When you’re online, you’re being tracked by one or more entities. When you’re online, someone or something is trying to hack into your device. What can you do to secure your device from outsiders?
Here’s my basic Mac security tip list.
- Firewall – Open System Preferences > Security & Privacy, and make appropriate changes to General, use FileVault if you want data encrypted on your Mac, but also turn on the Firewall (Apple has it turned off by default; hubris, much?). That action closes a few holes to outsiders.
- Passwords – The General tab in Security & Privacy has password options. Disable automatic login and set Require password to immediately. That keeps nosy neighbors, co-workers, or family members away.
- Privacy – The Privacy tab in Security & Privacy is a bit more complicated. Use it to assign or deny third party access to your personal data in Contacts, Calendar, Reminders, Accessibility, etc. For example, I use SpamSieve to capture spam before it hits Mail’s inbox, and it works better with access to Contacts.
- Safari – The most popular browser for Mac, iPhone, and iPad has its own privacy settings. In Safari on the Mac, open Preferences and click on Privacy. This gives you options for cookie management, Location Services, and more. Other settings, such as Security and Notifications help to improve performance, block certain websites, and eliminate screen clutter (notifications).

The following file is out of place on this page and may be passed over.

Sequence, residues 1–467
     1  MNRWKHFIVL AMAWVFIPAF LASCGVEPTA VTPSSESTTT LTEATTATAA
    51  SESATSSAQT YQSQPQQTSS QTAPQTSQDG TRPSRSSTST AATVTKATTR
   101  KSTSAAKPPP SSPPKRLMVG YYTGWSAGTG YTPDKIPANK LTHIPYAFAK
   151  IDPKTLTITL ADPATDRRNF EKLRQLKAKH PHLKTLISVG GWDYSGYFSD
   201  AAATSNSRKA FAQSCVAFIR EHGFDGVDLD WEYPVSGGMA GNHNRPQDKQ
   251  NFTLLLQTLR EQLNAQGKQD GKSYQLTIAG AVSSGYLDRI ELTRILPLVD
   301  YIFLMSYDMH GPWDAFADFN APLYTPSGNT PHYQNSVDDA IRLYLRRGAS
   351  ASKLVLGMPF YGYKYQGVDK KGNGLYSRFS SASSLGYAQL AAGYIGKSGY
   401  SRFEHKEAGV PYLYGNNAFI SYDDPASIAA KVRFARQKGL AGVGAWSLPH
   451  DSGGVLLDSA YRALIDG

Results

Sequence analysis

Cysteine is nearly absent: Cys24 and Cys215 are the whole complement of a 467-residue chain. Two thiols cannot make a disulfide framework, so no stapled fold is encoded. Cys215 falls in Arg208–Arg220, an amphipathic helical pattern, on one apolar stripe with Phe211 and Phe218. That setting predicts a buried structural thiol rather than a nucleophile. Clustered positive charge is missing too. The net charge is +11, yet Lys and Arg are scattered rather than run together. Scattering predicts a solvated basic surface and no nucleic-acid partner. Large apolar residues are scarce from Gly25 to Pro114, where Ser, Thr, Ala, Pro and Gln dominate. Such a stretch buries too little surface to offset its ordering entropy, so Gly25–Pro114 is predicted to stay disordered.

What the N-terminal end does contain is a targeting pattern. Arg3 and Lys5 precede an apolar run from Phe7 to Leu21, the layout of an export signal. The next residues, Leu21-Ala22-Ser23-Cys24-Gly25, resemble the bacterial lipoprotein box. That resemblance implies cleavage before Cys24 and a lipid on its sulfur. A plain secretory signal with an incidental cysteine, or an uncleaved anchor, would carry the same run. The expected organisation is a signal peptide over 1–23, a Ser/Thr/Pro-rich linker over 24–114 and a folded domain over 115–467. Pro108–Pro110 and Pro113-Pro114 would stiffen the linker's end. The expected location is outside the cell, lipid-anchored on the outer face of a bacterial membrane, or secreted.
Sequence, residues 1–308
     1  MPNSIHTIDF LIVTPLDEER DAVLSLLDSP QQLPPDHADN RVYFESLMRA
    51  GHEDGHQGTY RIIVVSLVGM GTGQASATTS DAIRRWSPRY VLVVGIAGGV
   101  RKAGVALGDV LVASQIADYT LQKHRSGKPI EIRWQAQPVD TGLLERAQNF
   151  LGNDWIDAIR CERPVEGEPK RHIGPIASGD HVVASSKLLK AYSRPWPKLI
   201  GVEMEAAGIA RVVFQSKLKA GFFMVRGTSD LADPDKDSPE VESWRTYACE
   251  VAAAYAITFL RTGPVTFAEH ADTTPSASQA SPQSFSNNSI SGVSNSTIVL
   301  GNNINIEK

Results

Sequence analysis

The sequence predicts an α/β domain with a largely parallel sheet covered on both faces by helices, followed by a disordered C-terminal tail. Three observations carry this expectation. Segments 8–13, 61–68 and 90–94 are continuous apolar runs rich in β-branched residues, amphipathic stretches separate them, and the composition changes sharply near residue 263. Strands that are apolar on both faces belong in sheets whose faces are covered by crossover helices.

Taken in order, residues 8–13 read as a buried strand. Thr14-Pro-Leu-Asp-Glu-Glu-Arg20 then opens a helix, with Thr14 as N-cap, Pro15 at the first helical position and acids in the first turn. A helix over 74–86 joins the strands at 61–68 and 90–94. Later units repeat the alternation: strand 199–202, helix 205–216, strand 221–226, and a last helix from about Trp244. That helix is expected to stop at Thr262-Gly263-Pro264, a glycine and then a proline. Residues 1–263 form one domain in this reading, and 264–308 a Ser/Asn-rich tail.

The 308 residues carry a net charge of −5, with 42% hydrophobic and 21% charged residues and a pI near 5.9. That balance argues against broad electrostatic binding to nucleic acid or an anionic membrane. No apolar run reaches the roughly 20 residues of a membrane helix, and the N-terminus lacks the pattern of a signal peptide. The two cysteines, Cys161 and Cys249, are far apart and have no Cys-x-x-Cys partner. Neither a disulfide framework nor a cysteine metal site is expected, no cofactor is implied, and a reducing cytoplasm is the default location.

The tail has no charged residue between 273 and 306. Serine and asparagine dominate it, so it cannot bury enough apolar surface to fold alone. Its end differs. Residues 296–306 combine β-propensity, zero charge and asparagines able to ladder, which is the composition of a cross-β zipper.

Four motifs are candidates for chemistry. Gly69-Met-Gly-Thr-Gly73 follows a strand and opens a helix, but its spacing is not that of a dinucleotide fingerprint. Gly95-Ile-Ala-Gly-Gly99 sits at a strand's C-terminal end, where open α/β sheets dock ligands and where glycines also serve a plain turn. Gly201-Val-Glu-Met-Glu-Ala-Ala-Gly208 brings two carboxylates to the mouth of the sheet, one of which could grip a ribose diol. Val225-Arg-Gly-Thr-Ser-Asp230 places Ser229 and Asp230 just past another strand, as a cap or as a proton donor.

- Sharing – Back to System Preferences again, but this time click on the Sharing button. Again, many options. I use Screen Sharing, File Sharing, and Printer Sharing, but allow access for only a specific user and password combo.
- Anti-Virus Apps – Wait. What? Are there viruses on the Mac? Yes, but it’s a far smaller issue than with Windows users. Malware exists, though, and Apple does a good job of tracking and plugging holes. Still, I run Bitdefender Virus Scanner every now and then. To date it’s never found any malware files and it’s free to use, does not run in the background so it won’t slow down your Mac.
- 2-Step Authentication – Apple is pushing this and I agree that it can be worthwhile to use, though it’s an extra step or two whenever you’re adding apps or changing devices.
- Passwords – There once was a time when I used a growing number of complicated passwords for websites and applications; passwords which contained a long string of numbers, letters in upper and lower case, and symbols. That requires a password manager because it’s just not possible to remember long, complicated, complex passwords. Unless you use something like this: macwalksbackwardsinwater. Easy to remember. Very difficult to hack.
- VPN – If everyone is out to get you, and they are, then paranoia is a good attitude to have. Those of us who sit on the paranoia side of life often opt for VPN services to ensure our local Starbucks Wi-Fi hackers won’t have access to our Macs.
Is there more you can do to secure your Mac from outside access? Yes, of course. But this list is quick and easy to implement and diminishes the opportunities that hackers, neighbors, co-workers, family members have to get into your Mac.